An entire cottage industry sprung up around dark insinuations concerning the Bushes and the Saudi royals. In 2004, Michael Moore produced his top-grossing Fahrenheit 9/11, premised largely on the charge that the U.S. would not stand up to Saudi extremism because the royal family bought the Bushes’ loyalty for $1.4 billion dollars.

If that’s true, just imagine what King Abdullah must have paid for the Obama clan. According to David Keyes, at the Daily Beast, “the Obama administration seems to be outdoing Bush-era policies in Saudi Arabia, much to the disappointment of human-rights and women’s groups.” He explains:

President Obama missed a golden opportunity to talk about women’s rights with King Abdullah in late June at the White House, said Terry O’Neill, president of the National Organization for Women. “It’s disappointing that President Obama didn’t raise women’s rights when he met with  the Saudi king,” she said in an email from the Middle East.

Instead, Obama praised the dictator’s “wisdom and insights” and thanked him for his “good counsel.” Among the many issues discussed between the two leaders were combating extremism, Afghanistan, Pakistan, Iran, the peace process, Palestinian statehood, the global economic recovery, people-to-people contacts, educational programs, and commercial ties. Left out was the single most important issue: human rights.

This is to say nothing of the upcoming Obama-approved deal to sell Saudi Arabia $30 billion in arms. I’m sure the books and movies exposing the whole sordid ruse will be rolling out any day now.

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RE: The Farce Ends

Jen, the farce has been exposed, but it is not likely to end.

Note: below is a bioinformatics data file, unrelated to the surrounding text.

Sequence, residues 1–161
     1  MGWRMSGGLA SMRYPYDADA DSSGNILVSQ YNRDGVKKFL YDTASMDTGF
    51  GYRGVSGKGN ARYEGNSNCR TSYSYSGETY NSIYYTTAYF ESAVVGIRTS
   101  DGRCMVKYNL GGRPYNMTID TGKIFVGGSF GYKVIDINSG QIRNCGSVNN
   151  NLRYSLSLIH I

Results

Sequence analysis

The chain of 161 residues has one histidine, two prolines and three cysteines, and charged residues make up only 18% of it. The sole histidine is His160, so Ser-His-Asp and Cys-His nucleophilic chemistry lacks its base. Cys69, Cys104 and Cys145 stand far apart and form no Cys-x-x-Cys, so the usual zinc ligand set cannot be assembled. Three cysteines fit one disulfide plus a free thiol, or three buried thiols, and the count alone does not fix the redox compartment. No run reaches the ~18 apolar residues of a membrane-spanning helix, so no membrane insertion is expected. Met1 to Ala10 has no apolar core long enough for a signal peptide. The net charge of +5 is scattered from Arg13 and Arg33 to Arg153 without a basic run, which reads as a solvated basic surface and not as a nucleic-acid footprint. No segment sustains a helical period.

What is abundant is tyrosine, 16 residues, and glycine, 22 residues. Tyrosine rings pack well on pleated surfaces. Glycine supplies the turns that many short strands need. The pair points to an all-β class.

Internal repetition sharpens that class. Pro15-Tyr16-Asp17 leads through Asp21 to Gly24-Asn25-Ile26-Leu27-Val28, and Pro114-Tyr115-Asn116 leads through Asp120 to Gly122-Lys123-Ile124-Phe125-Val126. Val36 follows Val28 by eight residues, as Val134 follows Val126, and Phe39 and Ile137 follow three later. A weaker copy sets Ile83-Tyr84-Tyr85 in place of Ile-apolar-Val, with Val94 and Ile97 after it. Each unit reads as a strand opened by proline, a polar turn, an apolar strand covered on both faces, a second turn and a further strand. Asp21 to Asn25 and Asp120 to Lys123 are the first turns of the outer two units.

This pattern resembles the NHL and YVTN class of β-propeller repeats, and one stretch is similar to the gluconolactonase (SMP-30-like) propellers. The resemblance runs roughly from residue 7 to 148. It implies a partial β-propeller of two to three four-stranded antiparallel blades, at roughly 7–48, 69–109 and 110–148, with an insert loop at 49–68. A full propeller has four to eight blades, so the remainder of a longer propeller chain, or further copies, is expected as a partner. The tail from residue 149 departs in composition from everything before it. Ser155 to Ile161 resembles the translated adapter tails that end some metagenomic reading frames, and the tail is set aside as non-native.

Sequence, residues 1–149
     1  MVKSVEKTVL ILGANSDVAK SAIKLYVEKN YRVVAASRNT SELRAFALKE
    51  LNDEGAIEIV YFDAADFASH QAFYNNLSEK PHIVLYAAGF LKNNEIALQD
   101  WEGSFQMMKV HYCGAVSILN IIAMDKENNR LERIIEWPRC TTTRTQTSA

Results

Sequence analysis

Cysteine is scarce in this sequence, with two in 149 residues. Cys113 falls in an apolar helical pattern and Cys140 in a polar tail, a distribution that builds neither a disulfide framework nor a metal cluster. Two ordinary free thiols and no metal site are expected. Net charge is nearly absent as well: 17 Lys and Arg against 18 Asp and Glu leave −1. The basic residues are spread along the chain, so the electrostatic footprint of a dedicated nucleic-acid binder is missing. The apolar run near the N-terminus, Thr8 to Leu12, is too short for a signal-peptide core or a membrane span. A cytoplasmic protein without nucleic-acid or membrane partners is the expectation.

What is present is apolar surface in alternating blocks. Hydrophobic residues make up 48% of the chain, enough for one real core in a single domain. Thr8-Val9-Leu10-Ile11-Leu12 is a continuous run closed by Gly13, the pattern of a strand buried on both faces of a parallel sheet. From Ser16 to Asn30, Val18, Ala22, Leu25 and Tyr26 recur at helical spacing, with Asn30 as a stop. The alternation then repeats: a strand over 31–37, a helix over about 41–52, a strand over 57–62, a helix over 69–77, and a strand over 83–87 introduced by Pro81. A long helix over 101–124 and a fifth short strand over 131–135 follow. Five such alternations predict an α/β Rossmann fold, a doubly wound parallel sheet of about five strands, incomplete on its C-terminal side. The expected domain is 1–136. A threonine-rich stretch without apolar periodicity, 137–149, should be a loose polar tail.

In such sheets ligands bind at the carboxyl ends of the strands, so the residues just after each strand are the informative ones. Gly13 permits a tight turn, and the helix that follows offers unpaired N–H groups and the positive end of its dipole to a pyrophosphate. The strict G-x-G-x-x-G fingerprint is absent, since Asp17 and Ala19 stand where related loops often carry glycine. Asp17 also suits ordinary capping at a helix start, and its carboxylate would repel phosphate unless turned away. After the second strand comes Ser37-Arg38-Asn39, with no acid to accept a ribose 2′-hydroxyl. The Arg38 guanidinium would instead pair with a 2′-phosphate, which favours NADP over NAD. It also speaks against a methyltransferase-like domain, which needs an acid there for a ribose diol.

Nearly 15 months ago, weeks after forming a coalition government with parties to both his left and right, Benjamin Netanyahu came to the White House and announced he was ready for immediate negotiations without preconditions. A week later, Mahmoud Abbas arrived in Washington and announced his strategy to the Washington Post:

Mahmoud Abbas says there is nothing for him to do. … On Wednesday afternoon, as he prepared for the White House meeting in a suite at the Ritz-Carlton in Pentagon City, Abbas insisted that his only role was to wait. He will wait … for the Obama administration to force a recalcitrant Netanyahu to freeze Israeli settlement construction and publicly accept the two-state formula.

Until Israel meets his demands, the Palestinian president says, he will refuse to begin negotiations. He won’t even agree to help Obama’s envoy, George J. Mitchell, persuade Arab states to take small confidence-building measures.

The following month, Netanyahu publicly endorsed the two-state formula; after that, he produced a 10-month moratorium on new settlement construction. Obama proved unable to persuade any Arab state to take any confidence-building measure, despite a personal visit (and bow) to the King of Saudi Arabia and what is surely the most pathetic public plea in the history of American diplomacy: Hillary Clinton’s speech to the Council on Foreign Relations begging Arab states to take some steps, “however modest,” toward normalization with Israel.

In December 2009, Abbas told the Israeli press that final-status negotiations could be completed in six months if Israel would just completely halt construction for six months. In George Mitchell’s January 2010 interview with Charlie Rose, Rose noted the moratorium was for 10 months and then had this colloquy with Mitchell:

CHARLIE ROSE:  That gives you an incentive to say to the parties, what? … if settlements are important to you or the absence of settlements are important to you, you better get something done before the moratorium ends because I don’t think we can get it again.

GEORGE MITCHELL:  Charlie, will you come with me on my next visit and make that spiel, because it might sound better coming from you.  I’ve made it several times.

Since then, Abbas has increased his pre-negotiation demands: not only a complete construction halt but also acceptance of: (1) the indefensible 1967 borders as the basis of negotiation; and (2) limitation of security arrangements to foreign peacekeepers. These conditions are designed to insure that negotiations cannot start.